Sunday, June 3, 2012

Seeing nonprofit board culture

Culture. We know we're part of it. We know it helps when it's healthy. We know it hinders - or poisons - when it's not. We can sense culture, but we're usually hard-pressed to describe it. Much of what encompasses culture is largely invisible, even/especially from the inside.

Still, it is important to understand organizational culture, even amidst the visibility challenges. Culture is where true change must take place and where commitment is built. We can't afford to ignore the role that it plays in building our capacity to advance our vision and mission, and in creating a work environment where that is possible.

A longtime interest in exploring organizational - and specifically board - culture has challenged me over the years to identify frameworks that would be both meaningful and accessible to practitioner audiences. How can we make "culture" real enough to spark member understanding and motivation to attend to it productively? How can "culture" become more than a fuzzy villain to blame when things fall apart?

Recently, I discovered a description that probably comes the closest to that actionable ideal, in Jamie Notter and Maddie Grant's new book, Humanize: How People-Centric Organizations Succeed in a Social World.  In that text, the authors describe a three-pronged approach to culture that makes great sense to a nonprofit audience:
  • Walk
  • Talk
  • Thought
It's a simple framework. Some might argue that it's too simple for capturing the nuances that make up organizational culture. But this frame is descriptive and accessible enough to make it potentially useful in a board setting.  I read the book for broader purposes, but I couldn't help thinking about this definition and how it might be adapted to the boardroom.  I also overlaid it with my own conceptualization of the optimal governance environment, which features four factors:
  • Inclusive
  • Engaging
  • Accountable
  • Generative
Here is how I envision the potential of Notter and Grant's framework (with a Beck governance twist).

Walk. Notter and Grant describe this as actions, structures, processes and tangibles. A healthy board walk would includes activities that engage all board members - that expect and respect their work and their leadership contributions. Those processes, and the meetings where many of them are enacted, balance accountability and generativity. The board is attuned to both and attentive to work that fulfill both roles. Structures would facilitate, not impede, governance work. They would provide necessary support and accountability.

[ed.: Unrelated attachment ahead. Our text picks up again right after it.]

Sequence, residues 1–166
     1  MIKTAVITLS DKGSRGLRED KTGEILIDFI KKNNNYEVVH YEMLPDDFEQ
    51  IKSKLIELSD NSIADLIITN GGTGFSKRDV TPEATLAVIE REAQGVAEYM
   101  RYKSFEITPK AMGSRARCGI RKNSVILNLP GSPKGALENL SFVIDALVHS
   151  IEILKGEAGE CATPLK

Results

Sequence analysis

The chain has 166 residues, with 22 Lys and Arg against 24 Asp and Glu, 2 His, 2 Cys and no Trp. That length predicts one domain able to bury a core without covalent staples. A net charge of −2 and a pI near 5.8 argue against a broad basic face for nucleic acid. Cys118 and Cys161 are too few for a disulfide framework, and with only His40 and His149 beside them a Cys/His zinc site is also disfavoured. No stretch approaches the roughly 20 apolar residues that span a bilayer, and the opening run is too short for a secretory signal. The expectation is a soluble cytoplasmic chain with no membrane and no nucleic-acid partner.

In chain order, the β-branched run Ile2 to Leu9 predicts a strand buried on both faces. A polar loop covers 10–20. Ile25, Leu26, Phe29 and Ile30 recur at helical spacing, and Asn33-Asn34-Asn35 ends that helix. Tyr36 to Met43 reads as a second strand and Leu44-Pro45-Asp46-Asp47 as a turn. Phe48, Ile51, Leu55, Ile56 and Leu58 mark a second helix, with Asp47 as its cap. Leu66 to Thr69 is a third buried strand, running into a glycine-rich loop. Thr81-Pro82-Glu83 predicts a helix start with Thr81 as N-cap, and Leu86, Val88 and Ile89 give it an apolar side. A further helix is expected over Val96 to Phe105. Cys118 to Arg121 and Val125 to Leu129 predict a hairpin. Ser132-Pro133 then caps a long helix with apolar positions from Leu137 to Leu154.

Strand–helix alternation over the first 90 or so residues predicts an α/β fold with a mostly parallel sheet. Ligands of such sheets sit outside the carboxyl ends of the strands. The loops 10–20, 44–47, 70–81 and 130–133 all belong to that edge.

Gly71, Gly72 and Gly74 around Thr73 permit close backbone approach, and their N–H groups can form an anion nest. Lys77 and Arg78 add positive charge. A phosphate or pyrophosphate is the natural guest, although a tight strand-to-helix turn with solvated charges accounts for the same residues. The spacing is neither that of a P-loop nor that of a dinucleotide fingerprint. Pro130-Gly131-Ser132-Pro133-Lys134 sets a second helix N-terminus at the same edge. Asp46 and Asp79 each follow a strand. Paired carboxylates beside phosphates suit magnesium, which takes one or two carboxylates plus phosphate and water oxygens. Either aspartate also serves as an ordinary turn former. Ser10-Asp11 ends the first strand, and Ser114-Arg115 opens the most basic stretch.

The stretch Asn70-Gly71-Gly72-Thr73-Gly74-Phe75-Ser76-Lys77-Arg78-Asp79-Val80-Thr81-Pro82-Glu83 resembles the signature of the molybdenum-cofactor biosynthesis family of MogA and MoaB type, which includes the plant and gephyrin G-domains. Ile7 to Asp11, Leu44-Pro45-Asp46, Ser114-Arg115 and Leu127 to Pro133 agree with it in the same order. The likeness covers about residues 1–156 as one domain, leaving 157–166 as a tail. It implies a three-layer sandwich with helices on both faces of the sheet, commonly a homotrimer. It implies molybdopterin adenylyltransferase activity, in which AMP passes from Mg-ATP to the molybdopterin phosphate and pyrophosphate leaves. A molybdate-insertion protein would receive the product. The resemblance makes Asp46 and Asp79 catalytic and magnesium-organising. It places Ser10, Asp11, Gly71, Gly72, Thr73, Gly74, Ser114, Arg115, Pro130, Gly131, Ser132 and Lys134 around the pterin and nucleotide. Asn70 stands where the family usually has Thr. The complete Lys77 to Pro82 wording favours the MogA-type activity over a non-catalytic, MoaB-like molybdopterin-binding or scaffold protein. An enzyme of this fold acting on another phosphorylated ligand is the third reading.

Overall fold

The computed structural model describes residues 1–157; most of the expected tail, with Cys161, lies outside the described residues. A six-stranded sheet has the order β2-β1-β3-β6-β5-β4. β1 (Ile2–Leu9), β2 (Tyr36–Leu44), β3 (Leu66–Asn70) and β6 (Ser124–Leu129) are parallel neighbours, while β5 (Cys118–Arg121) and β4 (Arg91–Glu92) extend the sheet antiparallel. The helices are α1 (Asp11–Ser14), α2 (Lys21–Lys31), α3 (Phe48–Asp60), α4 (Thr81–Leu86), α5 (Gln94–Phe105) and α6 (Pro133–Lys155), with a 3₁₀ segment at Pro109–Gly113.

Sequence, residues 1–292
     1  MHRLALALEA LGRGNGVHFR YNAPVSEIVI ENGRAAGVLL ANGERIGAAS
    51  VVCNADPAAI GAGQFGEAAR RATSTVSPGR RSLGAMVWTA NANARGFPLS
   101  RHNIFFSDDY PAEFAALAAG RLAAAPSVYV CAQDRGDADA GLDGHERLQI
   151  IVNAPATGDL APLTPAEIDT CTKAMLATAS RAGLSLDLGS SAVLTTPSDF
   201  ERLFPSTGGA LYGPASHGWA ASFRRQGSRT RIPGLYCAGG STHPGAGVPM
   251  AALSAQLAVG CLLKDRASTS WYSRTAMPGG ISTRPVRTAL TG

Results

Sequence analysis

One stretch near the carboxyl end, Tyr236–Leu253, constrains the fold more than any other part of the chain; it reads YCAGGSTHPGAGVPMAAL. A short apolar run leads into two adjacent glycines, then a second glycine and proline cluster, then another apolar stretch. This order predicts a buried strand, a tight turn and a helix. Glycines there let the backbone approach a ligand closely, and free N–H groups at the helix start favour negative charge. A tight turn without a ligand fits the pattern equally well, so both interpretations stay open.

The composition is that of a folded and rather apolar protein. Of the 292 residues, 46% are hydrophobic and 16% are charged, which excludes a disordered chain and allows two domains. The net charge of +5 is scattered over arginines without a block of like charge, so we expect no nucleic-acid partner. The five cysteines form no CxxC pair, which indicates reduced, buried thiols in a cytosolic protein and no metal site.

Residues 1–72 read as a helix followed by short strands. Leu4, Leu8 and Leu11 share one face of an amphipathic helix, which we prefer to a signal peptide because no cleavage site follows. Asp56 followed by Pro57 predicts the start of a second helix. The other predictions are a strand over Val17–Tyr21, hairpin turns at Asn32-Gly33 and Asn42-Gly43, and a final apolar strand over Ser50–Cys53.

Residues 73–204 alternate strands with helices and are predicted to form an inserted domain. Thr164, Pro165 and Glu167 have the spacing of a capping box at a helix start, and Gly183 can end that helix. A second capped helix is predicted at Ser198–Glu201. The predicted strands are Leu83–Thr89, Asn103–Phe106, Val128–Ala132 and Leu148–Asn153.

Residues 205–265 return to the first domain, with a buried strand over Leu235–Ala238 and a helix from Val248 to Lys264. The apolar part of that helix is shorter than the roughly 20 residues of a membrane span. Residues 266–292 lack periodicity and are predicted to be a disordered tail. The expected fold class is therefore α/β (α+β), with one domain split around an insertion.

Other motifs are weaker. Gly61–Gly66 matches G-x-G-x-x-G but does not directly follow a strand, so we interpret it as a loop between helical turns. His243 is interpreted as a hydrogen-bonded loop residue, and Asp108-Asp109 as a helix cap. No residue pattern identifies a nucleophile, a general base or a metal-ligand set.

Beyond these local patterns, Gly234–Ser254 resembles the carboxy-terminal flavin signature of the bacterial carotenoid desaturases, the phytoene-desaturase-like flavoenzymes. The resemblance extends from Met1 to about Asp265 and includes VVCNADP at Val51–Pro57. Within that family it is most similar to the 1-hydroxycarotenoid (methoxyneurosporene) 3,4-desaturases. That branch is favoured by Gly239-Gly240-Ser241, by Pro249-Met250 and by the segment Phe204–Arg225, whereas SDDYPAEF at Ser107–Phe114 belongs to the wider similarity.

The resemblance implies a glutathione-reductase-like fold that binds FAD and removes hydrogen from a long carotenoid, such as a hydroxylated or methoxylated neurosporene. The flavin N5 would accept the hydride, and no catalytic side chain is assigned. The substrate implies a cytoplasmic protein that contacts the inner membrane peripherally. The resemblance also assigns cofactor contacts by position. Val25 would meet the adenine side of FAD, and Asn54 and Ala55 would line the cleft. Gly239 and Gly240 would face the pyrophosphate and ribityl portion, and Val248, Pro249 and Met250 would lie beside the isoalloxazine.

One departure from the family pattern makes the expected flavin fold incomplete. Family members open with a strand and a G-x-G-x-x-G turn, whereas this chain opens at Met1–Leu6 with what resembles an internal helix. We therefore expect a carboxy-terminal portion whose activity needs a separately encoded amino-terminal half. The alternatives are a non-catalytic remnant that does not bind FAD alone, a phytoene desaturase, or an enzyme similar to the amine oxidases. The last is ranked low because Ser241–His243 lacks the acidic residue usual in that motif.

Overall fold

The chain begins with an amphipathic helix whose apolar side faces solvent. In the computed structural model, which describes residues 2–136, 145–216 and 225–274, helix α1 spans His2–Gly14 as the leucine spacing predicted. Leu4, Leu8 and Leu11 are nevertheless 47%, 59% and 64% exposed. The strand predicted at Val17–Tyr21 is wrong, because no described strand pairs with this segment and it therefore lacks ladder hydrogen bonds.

The "tangibles" are the materials that support members and their work. They are the resources, information, tools, connections, etc., that facilitate governance and promote successful fulfillment of their responsibilities. In a healthy board culture, members would have ready access to the tools and information they need to govern credibly, thoughtfully, and generatively.

Talk. At the center of our board "talk" is how we describe our vision and mission, how we articulate our values, and how we frame and share the work that our organization does. How do we communicate our purpose and the forces driving our commitment to it, to internal and external audiences? How does that talk motivate us as individuals? How does it connect us to each other?

In the boardroom, it includes how define governance (and the roles that comprise it) and how we frame the issues that we address. Do we view our responsibilities, and our service, as focused on the here and now, or on the stewardship and moral ownership that comes with governance? Is our vision of what is possible in our community, a better future for that community? Does our definition of the issues we address represent an appropriate stretch: tangible enough to see and act, but not so small that they're easy to resolve and ultimately meaningless?

Does our "talk" encourage authentic inclusion and meaningful engagement by all members? Does it maintain that accountability/generativity balance, acknowledging the significant stewardship function while recognizing that the board's ultimate focus should fall beyond the horizon?

Thought.  "Thought" is manifest in the previous two functions, but it's more foundational than the observable activities they represent (and undoubtedly hardest to "see" or describe). It's what we hold in our minds and our hearts, as individual members and as a group. It's what motivates us to serve - what provides the connective tissue between personal passions and organizational vision and mission.

Thought is how we embody our organizational values (and how we identify the fit to those we hold personally). It is how we reflect on the vision and mission and how we stay focused, even through the difficult and tedious times. It's what keeps us committed through the awesome and daunting responsibilities of governance.

How do we inspire and motivate board members? How do we build commitment - in their hearts as well as their minds? How do we help them build and sustain passion for the long haul?

I'm still pondering how this conceptualization of culture might be used to begin helping boards to understand (and manage) the factors that create the environment in which they exist. Such a basic frame undoubtedly may oversimplify the range of factors that impact how groups develop the space for productive, respectful, engaging work. On the other hand, it offers a way of thinking about that environment, not only for identifying challenges but also actively shaping it.

How would you rate its potential for facilitating understanding how we work? How would you rate its potential value for facilitating ownership of those processes and the outcomes?


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